Having had excellent results with the power supply I have recently developed for a new iteration of my classic preamplifier (some might remember the RPA, not available on the net any more as the old site has disappeared), I decided to modify the voltage setting resistors ratio to match the needs of the RH6080HE and populate a spare PCB etched for the preamplifier project that I had at hand. It took me literally minutes to build it, as opposed to hard-wiring capacitors and finding a way to keep them fixed… This power supply works perfectly with the phono stage, both in terms of hum and noise, as in terms of perceived sound quality.
Needless to say, as expected, the amplifier became dead quiet – it all boils down to tubes quality now, as some driver tubes (ECC81) might be less quiet than needed – and even some 6AS7 can be noisier than a perfectionist would accept. The power supply uses a hybrid bridge composed of a dual rectifier tube and two solid state diodes – the rectifier tube is slower and dictates the behavior of the solid state diodes, with the result being sonically equal to what the rectifier tube would yield in a pure tube rectification circuit. The active pass element is a TL783, a device similar to the LM317 but with a much higher input-output voltage differential of 125V. Another difference is the pass element which in the TL783 is not bipolar rather FET. The same circuit can be built with an LM317, but in some circumstances the input-output voltage differential might be higher than 35V (highly unlikely but possible) most probably killing the LM317 instantly… no harm would happen to the tubes, obviously, but the hum would immediately rise to unacceptable levels pointing out that something needs to be done about it… Another difference is the quality of the TL783, which unlike most LM317 is not noisy. The difference in price is irrelevant in DIY terms and the TL783 should be relatively easy to come by.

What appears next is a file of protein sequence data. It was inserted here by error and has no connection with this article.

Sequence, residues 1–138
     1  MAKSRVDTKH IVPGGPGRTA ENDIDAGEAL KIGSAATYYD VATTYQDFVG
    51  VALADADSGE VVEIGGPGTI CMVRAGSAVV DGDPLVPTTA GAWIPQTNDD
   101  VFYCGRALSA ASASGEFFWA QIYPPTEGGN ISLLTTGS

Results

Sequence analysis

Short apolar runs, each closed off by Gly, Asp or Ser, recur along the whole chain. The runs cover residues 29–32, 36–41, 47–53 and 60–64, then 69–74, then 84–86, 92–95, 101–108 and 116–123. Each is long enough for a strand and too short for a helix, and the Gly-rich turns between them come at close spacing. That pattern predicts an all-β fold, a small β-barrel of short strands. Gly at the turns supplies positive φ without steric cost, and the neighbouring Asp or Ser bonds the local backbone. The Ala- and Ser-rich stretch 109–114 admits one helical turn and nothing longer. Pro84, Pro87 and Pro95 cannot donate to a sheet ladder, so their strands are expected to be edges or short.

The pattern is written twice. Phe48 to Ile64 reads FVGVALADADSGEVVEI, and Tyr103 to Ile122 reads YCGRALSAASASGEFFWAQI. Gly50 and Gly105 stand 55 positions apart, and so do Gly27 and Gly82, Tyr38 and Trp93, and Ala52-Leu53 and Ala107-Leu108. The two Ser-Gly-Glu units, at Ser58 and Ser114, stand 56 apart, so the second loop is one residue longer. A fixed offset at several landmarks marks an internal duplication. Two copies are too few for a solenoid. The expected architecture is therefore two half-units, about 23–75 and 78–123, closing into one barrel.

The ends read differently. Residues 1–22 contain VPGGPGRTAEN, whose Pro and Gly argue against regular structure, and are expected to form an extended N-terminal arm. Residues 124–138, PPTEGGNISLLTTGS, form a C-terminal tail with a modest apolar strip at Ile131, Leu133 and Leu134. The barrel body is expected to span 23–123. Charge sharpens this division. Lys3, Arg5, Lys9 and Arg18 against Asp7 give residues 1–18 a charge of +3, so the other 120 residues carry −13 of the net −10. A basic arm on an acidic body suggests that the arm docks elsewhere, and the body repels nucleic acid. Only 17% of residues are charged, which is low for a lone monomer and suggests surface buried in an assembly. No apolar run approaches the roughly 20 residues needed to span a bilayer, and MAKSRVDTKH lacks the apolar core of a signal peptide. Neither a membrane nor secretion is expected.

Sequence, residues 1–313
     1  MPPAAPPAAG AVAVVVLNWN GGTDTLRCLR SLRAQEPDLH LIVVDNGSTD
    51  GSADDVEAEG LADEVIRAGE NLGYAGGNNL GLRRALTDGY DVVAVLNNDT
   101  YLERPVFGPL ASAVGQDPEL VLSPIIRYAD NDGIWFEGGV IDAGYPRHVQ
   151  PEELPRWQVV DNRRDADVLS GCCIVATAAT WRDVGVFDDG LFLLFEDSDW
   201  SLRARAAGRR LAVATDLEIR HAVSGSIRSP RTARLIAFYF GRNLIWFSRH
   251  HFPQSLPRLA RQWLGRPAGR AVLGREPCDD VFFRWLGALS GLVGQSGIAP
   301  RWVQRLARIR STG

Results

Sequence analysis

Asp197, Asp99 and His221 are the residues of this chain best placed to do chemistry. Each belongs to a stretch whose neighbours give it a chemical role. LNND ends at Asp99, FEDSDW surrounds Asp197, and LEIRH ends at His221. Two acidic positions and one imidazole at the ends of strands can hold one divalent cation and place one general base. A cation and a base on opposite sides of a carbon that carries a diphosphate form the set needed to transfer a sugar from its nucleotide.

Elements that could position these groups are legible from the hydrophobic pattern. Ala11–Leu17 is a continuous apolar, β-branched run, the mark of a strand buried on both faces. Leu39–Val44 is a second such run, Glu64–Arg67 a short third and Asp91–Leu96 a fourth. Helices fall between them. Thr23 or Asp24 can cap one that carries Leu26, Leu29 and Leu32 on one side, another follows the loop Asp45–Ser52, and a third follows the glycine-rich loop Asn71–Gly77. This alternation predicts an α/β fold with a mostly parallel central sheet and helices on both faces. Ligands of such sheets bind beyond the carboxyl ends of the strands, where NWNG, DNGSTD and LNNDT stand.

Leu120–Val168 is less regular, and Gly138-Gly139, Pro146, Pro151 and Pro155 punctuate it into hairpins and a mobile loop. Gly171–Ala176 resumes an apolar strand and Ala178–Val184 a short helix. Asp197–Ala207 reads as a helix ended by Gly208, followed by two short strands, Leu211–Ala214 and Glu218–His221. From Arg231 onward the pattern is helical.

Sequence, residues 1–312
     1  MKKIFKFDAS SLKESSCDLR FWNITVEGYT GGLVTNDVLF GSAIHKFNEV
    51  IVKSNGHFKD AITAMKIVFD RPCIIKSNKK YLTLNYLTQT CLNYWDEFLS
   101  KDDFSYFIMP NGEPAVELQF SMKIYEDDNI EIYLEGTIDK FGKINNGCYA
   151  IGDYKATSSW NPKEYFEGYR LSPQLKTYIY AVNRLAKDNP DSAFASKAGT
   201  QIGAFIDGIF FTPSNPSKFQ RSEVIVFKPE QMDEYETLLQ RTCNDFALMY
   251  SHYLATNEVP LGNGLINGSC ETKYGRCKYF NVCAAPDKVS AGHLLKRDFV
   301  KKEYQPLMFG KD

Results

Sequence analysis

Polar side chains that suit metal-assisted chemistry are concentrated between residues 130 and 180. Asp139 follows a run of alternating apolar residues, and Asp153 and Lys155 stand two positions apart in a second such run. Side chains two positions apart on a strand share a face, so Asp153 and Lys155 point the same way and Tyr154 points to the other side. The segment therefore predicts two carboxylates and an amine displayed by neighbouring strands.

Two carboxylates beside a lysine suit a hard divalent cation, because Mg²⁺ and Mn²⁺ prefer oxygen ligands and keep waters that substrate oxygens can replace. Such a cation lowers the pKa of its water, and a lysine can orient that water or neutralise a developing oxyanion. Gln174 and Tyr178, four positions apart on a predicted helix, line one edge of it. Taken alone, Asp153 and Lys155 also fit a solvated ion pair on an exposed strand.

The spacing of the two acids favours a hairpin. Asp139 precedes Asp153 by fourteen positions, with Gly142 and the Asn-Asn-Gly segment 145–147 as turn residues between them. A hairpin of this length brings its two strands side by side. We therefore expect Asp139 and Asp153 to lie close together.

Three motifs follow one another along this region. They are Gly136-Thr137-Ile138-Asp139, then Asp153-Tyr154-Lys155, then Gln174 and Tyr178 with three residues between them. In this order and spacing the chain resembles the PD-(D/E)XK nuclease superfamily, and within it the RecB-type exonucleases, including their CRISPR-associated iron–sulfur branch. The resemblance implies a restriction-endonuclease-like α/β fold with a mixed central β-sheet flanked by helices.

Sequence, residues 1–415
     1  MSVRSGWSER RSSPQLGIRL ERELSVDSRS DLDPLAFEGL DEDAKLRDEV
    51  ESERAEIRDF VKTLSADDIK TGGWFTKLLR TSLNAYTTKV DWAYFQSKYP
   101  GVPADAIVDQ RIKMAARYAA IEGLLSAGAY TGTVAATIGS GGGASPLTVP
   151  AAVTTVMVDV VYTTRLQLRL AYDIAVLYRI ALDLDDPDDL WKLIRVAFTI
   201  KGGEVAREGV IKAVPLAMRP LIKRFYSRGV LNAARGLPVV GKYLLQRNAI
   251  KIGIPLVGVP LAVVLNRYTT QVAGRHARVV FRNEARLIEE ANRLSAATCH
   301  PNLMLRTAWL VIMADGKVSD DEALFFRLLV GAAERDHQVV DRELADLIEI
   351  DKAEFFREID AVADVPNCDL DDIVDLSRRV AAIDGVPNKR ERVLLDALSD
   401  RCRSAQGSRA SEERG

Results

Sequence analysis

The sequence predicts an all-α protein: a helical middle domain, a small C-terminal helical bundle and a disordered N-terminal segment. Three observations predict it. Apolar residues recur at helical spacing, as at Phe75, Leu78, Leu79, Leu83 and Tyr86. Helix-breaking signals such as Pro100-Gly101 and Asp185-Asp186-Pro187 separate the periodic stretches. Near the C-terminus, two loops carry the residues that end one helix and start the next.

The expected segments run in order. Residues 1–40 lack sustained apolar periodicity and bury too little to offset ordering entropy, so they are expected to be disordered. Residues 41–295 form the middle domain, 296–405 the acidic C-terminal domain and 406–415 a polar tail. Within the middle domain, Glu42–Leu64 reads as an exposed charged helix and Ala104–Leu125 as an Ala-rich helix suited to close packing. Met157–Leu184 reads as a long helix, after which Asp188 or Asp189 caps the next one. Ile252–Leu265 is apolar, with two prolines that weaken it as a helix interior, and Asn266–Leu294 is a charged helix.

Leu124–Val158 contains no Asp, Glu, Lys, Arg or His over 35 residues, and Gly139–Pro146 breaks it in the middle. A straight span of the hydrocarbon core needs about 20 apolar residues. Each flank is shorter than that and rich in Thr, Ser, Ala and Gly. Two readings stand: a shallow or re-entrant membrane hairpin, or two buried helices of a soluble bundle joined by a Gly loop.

Some would probably object to the solid state regulator, as the solid state pass element is expected to mask the “sound” of the tube rectifier. As I already said, this power supply has proven its worth in the preamplifier project, and rectifier tube rolling with this power supply is more than effective in fine-tuning the sound. The only issue for tube rolling might be the possibly large difference in output voltage between different rectifier types (actually, the difference in diode voltage drop) – precluding the use of 5R4 and 5Y3 tubes in this circuit (input-output differential too low and the regulator is not working properly, with high hum as a result). Of course, that can be circumvented with a higher secondary AC voltage (for instance, 360V instead of 330V) but in that case when using more efficient rectifiers like the 5Z4 the input-output differential across the regulator element will increase to probably 30 or 40V, which combined with 100mA current draw for the amplifier circuits yields 3-4W of dissipation – precluding the use of more efficient rectifiers and limiting reasonable operation with a higher voltage secondary to the 5Y3 or 5R4 rectifier tubes. In that case, a good heatsink capable of at least 5W dissipation is necessary: I prefer keeping the dissipation below 1.5W. It goes without saying that both the TL783 used in the power supply, and the regulators used as current sinks below the cathodes of the output tubes must be heatsinked, although the heat-sinks do not need to be particularly large (adequate for up to 2W dissipation).
The Output Transformers and Sound Quality
Well, so far so good – it’s just a regular RH amp with output transformers that are adequate for headphones, and can be build on PCBs – making it esier for DIY-ers… but most SE output transformers are actually designed and manufactured for loudspeakers, with 4 and 8 ohm taps. They are not adequate for 32 ohm headphones, let alone high impedance types at 300 or more.
The output transformers used for this project were manufactured by Heyboer in the US based on project requirements – and provided by a fellow DIY-er: Larry Granger. I would like to thank him for finding the subject interesting, and for his kindness in providing the output transformers – without those, the project would just be dead drawings on (electronic) paper.